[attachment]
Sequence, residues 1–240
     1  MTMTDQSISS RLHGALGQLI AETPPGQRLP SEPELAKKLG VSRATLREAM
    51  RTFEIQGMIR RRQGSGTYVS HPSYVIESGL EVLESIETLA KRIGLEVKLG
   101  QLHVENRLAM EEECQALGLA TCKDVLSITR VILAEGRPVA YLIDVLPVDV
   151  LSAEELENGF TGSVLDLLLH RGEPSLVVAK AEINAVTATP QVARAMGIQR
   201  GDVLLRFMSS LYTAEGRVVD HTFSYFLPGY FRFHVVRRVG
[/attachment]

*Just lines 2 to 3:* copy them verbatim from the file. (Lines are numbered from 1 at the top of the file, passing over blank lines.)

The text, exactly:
     1  MTMTDQSISS RLHGALGQLI AETPPGQRLP SEPELAKKLG VSRATLREAM
    51  RTFEIQGMIR RRQGSGTYVS HPSYVIESGL EVLESIETLA KRIGLEVKLG